See Me by Wendy Higgins

Forgive Me, Leonard Peacock by Matthew Quick

I'm hoping to keep next week more or less on the same vein, and I don't think I even have any preorders coming that I can remember right now.

What all did you guys get this week?

Saturday, March 22, 2014

Saturday Pages: The Winner's Curse by Marie Rutkoski!!!

Next in line and last for this week's Saturday Pages is one of those books that simply leave you with a massive book hangover and that you just want to re-read again right after you're done, even if they're broken your heart! I have to say thank to my fellow bloggers Octavia from Read Sleep Repeat, Kristen from My Friends Are Fiction, Sam from Realm of Fiction and Alyssa from The Eater of Books for their reviews and comments, reassuring me that this book was awesome and to not fear the hype!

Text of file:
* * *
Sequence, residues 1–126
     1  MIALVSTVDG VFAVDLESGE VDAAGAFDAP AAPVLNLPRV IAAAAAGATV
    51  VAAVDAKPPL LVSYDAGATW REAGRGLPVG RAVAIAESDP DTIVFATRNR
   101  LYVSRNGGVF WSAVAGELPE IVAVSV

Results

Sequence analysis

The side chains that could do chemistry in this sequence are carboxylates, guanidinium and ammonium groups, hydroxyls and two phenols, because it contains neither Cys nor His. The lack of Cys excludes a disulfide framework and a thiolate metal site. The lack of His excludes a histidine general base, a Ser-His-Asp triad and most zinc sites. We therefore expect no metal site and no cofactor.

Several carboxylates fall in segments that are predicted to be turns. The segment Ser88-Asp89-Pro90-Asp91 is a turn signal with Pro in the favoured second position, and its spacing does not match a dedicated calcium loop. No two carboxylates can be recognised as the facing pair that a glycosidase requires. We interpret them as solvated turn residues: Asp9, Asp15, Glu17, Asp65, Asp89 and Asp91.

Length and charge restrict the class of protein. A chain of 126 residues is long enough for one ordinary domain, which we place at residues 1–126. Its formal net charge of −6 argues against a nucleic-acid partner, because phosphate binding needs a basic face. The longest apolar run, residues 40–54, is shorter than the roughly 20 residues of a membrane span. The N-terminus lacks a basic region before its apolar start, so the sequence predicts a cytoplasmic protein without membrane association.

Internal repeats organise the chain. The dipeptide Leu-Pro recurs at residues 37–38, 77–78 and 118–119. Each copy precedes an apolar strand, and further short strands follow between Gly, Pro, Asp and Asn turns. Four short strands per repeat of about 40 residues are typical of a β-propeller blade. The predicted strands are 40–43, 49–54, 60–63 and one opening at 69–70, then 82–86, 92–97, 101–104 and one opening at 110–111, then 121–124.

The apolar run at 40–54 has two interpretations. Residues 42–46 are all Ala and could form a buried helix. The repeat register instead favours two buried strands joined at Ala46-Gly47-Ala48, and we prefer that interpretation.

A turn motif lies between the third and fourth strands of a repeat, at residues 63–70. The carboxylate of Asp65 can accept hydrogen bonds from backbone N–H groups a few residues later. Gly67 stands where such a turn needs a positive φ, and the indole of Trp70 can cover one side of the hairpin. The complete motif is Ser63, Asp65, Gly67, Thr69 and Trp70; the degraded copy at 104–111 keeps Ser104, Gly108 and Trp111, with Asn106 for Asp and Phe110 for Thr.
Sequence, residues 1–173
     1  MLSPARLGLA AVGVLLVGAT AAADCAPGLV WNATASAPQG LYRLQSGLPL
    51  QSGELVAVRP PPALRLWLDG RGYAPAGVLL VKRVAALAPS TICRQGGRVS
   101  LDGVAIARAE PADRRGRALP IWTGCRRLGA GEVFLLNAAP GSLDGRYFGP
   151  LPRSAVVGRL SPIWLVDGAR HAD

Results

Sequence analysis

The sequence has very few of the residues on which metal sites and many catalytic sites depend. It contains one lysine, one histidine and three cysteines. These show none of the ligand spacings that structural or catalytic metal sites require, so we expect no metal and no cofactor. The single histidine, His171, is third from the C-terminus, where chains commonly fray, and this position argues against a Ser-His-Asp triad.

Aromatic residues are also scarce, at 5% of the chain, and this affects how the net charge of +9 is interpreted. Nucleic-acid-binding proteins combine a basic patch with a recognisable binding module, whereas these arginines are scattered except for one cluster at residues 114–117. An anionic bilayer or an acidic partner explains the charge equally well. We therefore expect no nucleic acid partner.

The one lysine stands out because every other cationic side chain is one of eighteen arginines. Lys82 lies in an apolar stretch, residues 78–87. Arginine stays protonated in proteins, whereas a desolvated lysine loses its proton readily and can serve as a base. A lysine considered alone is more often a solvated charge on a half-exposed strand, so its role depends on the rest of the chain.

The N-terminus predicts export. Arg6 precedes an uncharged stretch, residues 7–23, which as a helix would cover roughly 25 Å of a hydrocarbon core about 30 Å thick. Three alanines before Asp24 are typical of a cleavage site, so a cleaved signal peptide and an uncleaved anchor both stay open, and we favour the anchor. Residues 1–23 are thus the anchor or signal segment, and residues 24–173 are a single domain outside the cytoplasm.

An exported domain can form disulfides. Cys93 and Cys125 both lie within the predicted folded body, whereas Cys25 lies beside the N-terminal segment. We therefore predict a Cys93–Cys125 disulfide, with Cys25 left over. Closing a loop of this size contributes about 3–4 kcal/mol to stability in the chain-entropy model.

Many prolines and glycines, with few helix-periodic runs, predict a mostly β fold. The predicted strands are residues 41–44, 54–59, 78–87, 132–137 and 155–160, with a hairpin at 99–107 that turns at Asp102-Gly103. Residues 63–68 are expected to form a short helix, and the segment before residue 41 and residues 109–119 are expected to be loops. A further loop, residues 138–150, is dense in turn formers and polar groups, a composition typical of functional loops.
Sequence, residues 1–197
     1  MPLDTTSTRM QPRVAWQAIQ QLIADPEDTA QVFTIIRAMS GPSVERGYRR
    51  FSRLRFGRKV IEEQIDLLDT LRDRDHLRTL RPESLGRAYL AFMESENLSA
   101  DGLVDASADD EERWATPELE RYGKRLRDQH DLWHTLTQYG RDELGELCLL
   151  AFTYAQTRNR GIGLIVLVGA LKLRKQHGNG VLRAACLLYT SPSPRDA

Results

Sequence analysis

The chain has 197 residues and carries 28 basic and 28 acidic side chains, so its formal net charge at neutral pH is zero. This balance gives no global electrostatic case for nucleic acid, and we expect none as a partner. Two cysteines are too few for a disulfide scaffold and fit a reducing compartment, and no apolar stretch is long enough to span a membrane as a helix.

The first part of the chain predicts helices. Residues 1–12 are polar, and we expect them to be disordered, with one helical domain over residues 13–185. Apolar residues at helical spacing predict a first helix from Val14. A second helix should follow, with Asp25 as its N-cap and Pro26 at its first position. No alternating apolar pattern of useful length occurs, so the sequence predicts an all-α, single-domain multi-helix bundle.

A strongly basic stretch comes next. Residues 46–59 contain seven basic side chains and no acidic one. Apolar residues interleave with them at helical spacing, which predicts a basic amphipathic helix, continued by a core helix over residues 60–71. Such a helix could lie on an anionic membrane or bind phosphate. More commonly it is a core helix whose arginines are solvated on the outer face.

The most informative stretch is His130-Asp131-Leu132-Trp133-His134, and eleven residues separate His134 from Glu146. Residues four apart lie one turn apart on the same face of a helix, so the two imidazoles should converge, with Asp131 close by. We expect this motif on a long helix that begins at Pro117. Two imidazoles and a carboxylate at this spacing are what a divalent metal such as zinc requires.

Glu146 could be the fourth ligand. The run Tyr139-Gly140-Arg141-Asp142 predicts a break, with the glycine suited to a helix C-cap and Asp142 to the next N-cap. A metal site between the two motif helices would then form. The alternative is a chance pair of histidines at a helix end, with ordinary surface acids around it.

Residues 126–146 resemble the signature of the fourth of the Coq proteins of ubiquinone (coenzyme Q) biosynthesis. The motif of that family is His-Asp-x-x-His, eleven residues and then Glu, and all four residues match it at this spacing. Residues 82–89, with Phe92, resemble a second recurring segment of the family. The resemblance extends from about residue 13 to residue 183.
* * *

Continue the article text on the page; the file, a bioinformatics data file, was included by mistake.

The Winner's Curse (Winner's Trilogy, #1)The Winner's Curse by Marie Rutkoski

My rating: 5 of 5 stars

The Winner's Curse was another one of those hype books that turned right for me, as These Broken Stars was. I had read so many fantastic reviews for this one from fellow book lovers and bloggers that I trust that I knew I was going to like it, but there's always that little voice in the back of your head going "what if I you expect so much of this book that it can't live to those kind of expectations".

Well, thankfully it did! I loved this book to pieces, even if it was a big rollercoaster of emotions and it broke my heart more than once! I loved the writing, the characters, the world and loved & hated the romance. I will try to keep my review as spoiler free as possible, but be warned that from now on I might or might not comment on things some of you rather not know about the book.

If I had to define the genre for The Winner's Curse I'd say is fantasy with historical fiction touches. As a history buff and lover of all things Ancient Greece and Rome, I felt that there were so many bits and pieces that reminded me of them, and those made me love the story and world building even more! Conquest, Empire, assimilation of conquered lands customs & gods, military progress, slaves... everything seemed familiar, but it is weaved in a way that creates its own world. i was very much fascinated with the world building, full of details but that never stumped the plot narrative.